Earlier this year, there were New Tariffs Proposed on Steel and Aluminum by President Trump. The tariffs amount to 25% on steel and 10% on aluminum imports. While the dust has not yet settled and the long-term effects of the new tariffs across industries remain unknown, they will certainly significantly impact those firms involved in the production of steel and aluminum as well as those that use the materials as core inputs to their business.
Construction firms in particular will be forced to come up with creative solutions to the increased costs associated with these tariffs. The American Institute of Architects (AIA) noted that these materials are some of the largest material inputs in the construction of large buildings. Representatives of the AIA stated, “as creative problem solvers, architects rely on a variety of these materials to achieve functional and performance goals for their clients. Inflating the cost of materials will limit the range of options they can use while adhering to budgetary constraints for a building.”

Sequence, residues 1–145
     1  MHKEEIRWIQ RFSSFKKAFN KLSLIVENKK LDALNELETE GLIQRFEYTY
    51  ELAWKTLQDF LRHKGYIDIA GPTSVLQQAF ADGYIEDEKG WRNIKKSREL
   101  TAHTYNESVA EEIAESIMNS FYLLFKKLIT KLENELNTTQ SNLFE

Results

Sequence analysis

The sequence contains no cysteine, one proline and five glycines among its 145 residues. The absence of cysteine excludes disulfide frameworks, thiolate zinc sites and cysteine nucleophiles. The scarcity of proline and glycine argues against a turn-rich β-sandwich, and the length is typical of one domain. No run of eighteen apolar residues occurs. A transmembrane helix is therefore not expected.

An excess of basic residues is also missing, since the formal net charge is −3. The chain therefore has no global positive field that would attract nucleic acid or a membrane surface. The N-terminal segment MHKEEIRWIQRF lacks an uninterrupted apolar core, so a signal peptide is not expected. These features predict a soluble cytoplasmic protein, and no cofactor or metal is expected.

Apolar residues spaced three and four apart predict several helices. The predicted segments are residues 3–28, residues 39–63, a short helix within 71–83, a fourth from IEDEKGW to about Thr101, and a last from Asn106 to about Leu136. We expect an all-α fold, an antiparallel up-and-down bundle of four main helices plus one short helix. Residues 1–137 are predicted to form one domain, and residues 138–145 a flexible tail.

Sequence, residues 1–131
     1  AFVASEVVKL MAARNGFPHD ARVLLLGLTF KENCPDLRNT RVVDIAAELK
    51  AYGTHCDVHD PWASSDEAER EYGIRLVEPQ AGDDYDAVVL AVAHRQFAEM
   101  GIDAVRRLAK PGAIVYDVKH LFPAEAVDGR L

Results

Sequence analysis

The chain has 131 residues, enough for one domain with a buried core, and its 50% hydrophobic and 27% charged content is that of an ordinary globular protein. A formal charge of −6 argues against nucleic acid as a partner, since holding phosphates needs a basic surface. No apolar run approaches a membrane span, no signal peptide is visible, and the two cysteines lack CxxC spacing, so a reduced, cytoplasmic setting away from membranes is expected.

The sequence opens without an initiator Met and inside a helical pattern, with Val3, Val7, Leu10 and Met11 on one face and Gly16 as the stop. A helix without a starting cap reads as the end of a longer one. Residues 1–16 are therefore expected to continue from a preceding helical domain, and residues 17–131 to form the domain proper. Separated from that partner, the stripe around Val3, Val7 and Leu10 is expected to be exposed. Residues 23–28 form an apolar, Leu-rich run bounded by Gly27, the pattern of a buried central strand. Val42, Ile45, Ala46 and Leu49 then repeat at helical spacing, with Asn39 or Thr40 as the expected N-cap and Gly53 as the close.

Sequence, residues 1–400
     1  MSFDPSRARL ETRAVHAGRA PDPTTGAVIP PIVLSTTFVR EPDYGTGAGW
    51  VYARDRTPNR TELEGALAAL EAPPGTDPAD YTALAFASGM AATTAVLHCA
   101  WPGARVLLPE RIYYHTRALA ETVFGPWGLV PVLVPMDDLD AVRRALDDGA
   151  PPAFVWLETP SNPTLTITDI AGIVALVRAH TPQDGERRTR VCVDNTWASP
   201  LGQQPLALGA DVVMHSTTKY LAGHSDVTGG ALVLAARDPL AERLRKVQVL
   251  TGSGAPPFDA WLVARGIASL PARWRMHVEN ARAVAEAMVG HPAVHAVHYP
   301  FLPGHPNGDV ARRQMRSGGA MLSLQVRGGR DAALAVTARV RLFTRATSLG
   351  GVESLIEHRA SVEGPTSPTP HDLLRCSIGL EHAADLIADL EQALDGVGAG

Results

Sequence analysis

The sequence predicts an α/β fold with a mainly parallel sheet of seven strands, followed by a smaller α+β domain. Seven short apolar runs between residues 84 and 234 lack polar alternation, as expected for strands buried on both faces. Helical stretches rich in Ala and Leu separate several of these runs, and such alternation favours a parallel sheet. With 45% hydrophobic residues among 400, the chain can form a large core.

In an interview, one Iowa contractor noted that its short-term response to the news was to immediately order as much of these materials as it could, in an effort to stockpile core steel and aluminum supplies at current prices before the tariffs take effect. Long term, the contractor indicated that it will utilize more wood framing where possible in order to reduce steel usage and keep costs low.
Not all contractors will be impacted equally. Those specializing in projects with high utilization of steel and aluminum will be forced to evaluate their material sourcing practices and determine how to defray these increased costs or pass them on to customers.